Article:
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Catholic communities Archives – Valahian Journal of Historical Studies

Catholic communities

The identities of the Catholic communities in the 18th century Wallachia

Language: English
Subject(s): History
Page Range: 6-15
No. of Pages: 10
Keywords: , , , , ,
Summary/Abstract: The Catholic communities in the 18th century Wallachia although belonging to the same denomination are diverse by language, ethnic origin and historical evolution. The oldest community was founded in Câmpulung in the second half of the 13th century by Transylvanian Saxons. At the beginning of the 17th century the Saxons lost their mother tongue and adopted the Romanian as colloquial language. Other communities were founded by Catholic Bulgarians who crossed the Danube in 1688, after the defeat of their rebellion by the Ottomans. The refugees came from four market-towns of north-western Bulgaria: Čiprovci, Kopilovci, Železna and Klisura. The Paulicians, a distinct group of Catholics from Bulgaria, settled north of the Danube during the 17th and 18th centuries. The homeland of this group was the Nikopolis region. Their ancestors, adherents of a medieval heresy, had been converted by Franciscans friars. Bucharest, the capital city of Wallachia, housed a composite Catholic community of distinct origins, which came into being during the last quarter of the 17th century. In this community the Catholic Armenians became predominant by the mid-18th century. The main object of our study is the history of the Catholic communities in a predominant Orthodox country under Ottoman rule.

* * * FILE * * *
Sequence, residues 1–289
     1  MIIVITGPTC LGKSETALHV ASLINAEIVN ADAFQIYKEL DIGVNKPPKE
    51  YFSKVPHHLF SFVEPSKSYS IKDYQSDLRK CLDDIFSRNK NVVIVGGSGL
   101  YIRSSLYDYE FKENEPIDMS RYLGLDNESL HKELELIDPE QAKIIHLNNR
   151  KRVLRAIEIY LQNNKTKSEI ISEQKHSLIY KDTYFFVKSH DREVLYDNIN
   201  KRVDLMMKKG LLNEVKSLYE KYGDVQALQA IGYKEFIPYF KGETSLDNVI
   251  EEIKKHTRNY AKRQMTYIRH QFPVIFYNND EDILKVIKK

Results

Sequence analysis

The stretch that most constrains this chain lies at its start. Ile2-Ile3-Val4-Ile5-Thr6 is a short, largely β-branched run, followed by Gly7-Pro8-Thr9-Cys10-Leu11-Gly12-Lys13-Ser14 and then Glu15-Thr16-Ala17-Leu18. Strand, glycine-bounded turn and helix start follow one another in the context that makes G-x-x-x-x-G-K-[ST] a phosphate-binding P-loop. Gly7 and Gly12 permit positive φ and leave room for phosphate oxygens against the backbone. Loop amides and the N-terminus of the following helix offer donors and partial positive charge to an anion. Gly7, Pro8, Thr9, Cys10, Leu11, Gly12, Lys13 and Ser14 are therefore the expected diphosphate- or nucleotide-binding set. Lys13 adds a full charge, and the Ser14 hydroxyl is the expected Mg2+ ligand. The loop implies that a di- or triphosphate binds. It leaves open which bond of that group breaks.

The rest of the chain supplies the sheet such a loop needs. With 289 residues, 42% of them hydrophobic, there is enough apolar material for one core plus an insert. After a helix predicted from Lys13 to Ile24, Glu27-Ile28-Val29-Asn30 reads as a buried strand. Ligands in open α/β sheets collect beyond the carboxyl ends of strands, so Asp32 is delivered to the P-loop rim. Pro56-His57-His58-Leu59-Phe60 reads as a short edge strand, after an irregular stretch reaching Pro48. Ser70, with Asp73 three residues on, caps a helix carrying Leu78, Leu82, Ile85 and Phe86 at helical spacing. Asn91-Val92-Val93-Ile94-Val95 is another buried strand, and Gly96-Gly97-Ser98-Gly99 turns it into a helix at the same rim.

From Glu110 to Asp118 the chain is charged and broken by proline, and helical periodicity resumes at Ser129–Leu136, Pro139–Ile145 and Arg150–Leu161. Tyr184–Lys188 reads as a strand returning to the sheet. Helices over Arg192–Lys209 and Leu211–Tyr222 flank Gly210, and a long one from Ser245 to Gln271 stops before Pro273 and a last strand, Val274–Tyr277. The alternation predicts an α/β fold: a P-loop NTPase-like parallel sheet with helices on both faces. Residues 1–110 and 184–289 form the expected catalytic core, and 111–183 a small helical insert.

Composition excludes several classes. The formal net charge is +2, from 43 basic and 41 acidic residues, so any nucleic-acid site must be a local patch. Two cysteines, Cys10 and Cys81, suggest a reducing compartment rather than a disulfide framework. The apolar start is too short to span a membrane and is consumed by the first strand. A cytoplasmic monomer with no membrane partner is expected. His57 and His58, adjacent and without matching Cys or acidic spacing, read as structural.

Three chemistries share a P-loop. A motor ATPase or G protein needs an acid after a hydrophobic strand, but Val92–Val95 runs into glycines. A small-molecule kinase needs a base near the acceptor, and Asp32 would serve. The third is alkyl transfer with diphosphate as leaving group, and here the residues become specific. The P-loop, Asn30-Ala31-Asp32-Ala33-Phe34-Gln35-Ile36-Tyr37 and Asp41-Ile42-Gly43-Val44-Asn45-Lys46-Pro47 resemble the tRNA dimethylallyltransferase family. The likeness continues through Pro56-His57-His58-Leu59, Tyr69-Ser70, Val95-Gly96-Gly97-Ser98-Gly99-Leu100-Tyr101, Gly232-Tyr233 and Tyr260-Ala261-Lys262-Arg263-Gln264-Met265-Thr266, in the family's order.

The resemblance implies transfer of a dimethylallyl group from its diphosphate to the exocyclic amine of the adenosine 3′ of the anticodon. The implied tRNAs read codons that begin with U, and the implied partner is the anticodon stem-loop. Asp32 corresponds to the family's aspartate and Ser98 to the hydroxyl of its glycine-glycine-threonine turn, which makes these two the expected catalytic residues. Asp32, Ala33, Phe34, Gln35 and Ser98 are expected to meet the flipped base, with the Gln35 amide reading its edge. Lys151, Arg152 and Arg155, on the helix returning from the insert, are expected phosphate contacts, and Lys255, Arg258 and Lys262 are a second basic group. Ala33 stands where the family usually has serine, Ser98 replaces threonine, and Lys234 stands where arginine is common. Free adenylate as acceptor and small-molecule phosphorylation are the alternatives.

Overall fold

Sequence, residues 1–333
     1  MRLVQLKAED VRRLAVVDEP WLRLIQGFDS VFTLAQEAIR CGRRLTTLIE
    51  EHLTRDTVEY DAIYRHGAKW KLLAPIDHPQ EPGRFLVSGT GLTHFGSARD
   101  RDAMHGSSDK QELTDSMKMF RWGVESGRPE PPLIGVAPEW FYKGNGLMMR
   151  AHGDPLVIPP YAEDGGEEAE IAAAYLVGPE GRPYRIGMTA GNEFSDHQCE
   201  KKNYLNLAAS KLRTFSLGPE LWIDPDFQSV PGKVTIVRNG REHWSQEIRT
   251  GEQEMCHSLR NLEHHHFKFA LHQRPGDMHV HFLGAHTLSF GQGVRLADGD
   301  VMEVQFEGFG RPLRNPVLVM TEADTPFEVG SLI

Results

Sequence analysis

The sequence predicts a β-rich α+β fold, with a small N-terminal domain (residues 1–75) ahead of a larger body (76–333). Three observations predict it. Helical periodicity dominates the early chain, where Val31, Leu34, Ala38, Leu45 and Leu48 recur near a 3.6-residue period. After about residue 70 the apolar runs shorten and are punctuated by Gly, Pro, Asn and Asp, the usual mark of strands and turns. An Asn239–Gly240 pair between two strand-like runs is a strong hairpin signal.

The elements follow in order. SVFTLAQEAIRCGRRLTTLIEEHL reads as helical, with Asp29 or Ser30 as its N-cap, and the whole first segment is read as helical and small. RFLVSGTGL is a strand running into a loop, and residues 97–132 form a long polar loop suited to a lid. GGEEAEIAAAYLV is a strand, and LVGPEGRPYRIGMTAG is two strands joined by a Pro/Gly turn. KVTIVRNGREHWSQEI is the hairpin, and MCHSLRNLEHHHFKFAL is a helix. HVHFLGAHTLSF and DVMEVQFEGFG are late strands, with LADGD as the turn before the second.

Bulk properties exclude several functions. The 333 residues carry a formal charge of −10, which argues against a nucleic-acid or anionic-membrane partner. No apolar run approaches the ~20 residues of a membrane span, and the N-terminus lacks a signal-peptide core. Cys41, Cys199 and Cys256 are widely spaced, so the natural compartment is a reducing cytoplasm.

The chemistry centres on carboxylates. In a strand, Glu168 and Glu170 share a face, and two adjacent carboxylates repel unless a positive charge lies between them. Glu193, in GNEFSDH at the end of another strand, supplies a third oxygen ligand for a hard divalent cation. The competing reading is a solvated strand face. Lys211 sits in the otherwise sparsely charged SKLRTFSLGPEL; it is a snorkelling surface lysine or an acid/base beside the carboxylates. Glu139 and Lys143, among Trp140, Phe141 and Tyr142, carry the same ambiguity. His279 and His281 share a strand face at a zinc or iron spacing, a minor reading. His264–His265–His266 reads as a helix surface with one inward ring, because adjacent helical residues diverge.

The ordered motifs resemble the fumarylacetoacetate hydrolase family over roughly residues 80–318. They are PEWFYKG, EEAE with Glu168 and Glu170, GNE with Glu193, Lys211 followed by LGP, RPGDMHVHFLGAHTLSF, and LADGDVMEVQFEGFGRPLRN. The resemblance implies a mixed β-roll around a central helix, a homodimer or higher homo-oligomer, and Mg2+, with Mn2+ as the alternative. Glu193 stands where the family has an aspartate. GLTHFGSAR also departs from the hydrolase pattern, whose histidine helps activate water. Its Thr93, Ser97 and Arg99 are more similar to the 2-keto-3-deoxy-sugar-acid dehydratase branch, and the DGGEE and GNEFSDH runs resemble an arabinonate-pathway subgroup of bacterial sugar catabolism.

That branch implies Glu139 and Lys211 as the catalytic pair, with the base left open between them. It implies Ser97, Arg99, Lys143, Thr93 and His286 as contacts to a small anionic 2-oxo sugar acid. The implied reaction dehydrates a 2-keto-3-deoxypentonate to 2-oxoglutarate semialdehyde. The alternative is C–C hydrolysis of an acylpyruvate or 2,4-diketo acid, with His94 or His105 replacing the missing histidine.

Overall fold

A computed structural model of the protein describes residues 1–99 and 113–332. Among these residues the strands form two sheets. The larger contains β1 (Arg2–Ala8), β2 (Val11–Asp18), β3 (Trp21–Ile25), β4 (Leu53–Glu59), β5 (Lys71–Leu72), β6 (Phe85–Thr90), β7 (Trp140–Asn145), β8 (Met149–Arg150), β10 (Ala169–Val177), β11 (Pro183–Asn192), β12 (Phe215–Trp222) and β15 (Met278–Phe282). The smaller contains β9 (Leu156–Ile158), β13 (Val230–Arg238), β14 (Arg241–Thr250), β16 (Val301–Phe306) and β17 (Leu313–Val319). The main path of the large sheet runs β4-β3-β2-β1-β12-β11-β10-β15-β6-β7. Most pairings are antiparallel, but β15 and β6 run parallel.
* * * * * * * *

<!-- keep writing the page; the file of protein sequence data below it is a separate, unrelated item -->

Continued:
Open access on CEEOL: NOT YET

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